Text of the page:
N. Jay Jaffee, born in Brooklyn in 1921, was a photographer of distinctive black-and-white photographs, revealing a sensitive and probing social intelligence. He saw and recorded human activity: a lonely, windswept boardwalk; a whimsical sculpture; men sunning themselves amidst the city grime; the crisp balance of lines and light in a sparkling cityscape; a teddy bear on a clothesline. His photographs not only record the instant, they communicate the substance. The images are exquisite, enduring expositions of lights and shadow, visual textures in balanced tension. They are also filled with wit and humor, and a profound understanding of the ironies in all of our lives.
—Janie Welker, Curator, Heckscher Museum
Jay Jaffee’s work lets his viewers hold time in their hearts. The photographs do this not only as documents of their era or records of specific places and events, but as conveyers of the unmistakable feeling surrounding and evoked by their specific details and serendipitously-observed harmonies, a quality photographer Berenice Abbott called a “tenderness” for the subject, expressed through the photographer’s intellectual and emotional perception. Jay’s photographs are a sensibility on display that invites us to look and understand as he did.
—Julia Van Haaften,Curator of Photography,New York Public Library
Read the whole article: In Memoriam
Born Nathan Jaffee to Isidore and Anna Jaffee, N. Jay Jaffee was raised in various Brooklyn neighborhoods, from Brownsville to East New York to Brighton Beach. After a difficult childhood, and the death of his mother when he was 15, he left school to work as a typesetter. In 1947, fresh out of the army, recently married, and struggling to reconcile his experiences of war with the society to which he returned, Jaffee picked up his camera. He had been an infantry squad leader during World War II and had seen heavy combat in Europe. Initially photographing was a catharsis, a means of affirming life in contrast to the irrational destruction of war. By rejoicing in and recording the humor and warmth of the social community—people in pursuit of their daily lives—he was able to transform the fear and horror that had remained as a legacy of war.
Jaffee started photographing the Brooklyn neighborhoods in which he grew up. Manhattan also beckoned, as did Queens, and eventually Long Island. His work captured the movements and shadows of the city streets, subways, signs, markets, and the people who inhabited them. His formal training came after he had been photographing for some time. He attended classes taught by Sid Grossman, of the legendary Photo League, and met with Edward Steichen, then curator of photography at the Museum of Modern Art. Steichen offered encouragement and requested three prints, which became part of the museum’s permanent collection. In 1950, two were included in the group show “Fifty-One American Photographers.”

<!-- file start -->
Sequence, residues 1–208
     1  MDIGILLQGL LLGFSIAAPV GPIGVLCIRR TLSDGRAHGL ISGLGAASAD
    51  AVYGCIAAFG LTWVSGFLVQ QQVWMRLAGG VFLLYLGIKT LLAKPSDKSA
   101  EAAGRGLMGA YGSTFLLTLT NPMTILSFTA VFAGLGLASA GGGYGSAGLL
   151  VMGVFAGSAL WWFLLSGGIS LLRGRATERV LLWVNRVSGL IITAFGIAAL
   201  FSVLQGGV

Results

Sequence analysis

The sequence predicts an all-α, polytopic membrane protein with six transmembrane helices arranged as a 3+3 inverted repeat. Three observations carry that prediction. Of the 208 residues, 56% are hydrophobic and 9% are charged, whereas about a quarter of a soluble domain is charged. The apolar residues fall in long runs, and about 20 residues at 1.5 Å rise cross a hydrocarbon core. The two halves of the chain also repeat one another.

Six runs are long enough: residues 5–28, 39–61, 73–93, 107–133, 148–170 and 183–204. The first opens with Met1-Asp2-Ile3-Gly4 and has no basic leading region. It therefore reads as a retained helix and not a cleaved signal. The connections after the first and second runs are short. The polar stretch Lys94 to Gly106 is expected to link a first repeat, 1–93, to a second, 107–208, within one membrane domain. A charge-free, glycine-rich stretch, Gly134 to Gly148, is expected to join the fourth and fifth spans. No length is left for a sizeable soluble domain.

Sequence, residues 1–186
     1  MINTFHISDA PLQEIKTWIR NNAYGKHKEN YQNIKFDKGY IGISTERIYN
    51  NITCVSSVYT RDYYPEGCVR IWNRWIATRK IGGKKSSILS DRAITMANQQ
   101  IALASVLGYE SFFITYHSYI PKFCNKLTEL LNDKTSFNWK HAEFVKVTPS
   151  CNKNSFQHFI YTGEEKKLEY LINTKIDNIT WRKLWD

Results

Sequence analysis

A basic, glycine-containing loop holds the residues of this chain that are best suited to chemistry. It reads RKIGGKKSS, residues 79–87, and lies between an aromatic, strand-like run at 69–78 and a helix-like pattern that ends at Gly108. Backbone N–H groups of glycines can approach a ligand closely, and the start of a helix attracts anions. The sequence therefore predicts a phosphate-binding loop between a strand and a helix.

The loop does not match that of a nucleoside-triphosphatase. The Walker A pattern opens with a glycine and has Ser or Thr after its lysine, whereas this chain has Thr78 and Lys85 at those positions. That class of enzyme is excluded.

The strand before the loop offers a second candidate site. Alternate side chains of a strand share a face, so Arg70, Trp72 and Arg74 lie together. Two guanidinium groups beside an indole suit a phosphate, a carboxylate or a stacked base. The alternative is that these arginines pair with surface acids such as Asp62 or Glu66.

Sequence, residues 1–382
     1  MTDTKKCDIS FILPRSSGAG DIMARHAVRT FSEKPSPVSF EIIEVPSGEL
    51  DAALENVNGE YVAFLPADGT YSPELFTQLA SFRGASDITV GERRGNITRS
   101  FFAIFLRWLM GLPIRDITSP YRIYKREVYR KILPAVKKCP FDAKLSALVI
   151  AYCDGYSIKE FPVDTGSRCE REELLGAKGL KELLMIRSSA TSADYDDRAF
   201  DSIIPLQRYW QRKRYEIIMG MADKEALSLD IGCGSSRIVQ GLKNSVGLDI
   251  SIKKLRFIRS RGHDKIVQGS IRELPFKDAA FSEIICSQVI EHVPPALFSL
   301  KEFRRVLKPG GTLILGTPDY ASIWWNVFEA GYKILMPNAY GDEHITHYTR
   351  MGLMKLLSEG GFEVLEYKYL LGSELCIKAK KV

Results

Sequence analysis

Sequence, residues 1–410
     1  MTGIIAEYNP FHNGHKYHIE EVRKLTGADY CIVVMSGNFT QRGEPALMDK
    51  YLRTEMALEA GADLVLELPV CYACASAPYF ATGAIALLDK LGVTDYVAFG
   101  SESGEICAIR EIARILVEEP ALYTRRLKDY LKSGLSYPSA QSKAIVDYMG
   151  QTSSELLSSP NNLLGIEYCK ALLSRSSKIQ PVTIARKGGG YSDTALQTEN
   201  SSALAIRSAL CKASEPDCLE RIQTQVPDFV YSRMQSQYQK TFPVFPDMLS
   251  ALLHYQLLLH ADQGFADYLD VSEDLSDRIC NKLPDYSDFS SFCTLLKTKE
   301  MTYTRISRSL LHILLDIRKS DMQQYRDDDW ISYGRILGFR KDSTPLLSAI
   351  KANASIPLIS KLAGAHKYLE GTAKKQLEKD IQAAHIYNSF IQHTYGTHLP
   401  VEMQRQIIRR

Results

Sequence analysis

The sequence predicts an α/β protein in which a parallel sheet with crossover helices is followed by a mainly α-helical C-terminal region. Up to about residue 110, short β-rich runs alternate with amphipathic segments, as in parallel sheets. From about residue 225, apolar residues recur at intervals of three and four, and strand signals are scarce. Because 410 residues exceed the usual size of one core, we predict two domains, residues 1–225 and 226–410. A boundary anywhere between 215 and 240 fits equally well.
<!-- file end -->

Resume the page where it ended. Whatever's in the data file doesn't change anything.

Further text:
While raising a family—he had two daughters, Anna and Cyrisse, with his wife Isabel—and working in the printing industry, Jaffee continued to photograph in the classic black-and-white format. Jaffee eventually moved to Huntington, Long Island. Although he had always photographed nature, his later work included more landscapes and, through his travels, the sights and sounds of Europe.
A major one-person show, “Inward Image,” was exhibited at the Brooklyn Museum in 1981. Many exhibits followed, and his work was added to many major museums and institutions, including the Museum of Modern Art, the Metropolitan Museum of Art, the Smithsonian Institution, the National Portrait Gallery, the Library of Congress, the National Museum of American Art, the New York Public Library, the Brooklyn Public Library, the Bibliotheque nationale de France, the International Museum of Photography and Film (George Eastman House), the Museum of Fine Arts (Boston), and the Fogg Art Museum at Harvard University. After being represented by the Howard Greenberg Gallery in New York, he formed a close working relationship with the Sarah Morthland Gallery, also in New York. (For more information, see Exhibitions.)
A book of his photographs, N. Jay Jaffee: Photographs 1947–1956, was published in 1976. His work has also been included in: American Century of Photography: From Dry-Plate to Digital, edited by Keith David; Cityscapes: A History of New York in Images by Howard B. Rock and Deborah Dash Moore; This Was the Photo League: Compassion and the Camera from the Depression to the Cold War by Anne Wilkes Tucker, Claire Cass, and Stephen Daiter; and When Brooklyn Was the World by Elliott Willensky.
In September 1999, a 50-year retrospective, “Coney Island to Camusett: The Photographic Journey of N. Jay Jaffee: 1947–1999,” organized before his death in March of that year, was shown at the Heckscher Museum of Art in Huntington, New York. Just before his death, he established The N. Jay Jaffee Trust, which now holds his complete work and negatives.
For more than half a century, the camera served as an instrument through which Jaffee interpreted the world and his position in it. Much of his work can be seen as a form of self-portrait, a barometer of his sense of self at various times in his life. “Photographs,” he once wrote, “are born of the positives and negatives accumulated in a lifetime.”
This biography was adapted from the exhibition catalog Coney Island to Caumsett: The Photographic Journey of N. Jay Jaffee: 1947–1997, by Janie Welker, Heckscher Museum, 1999.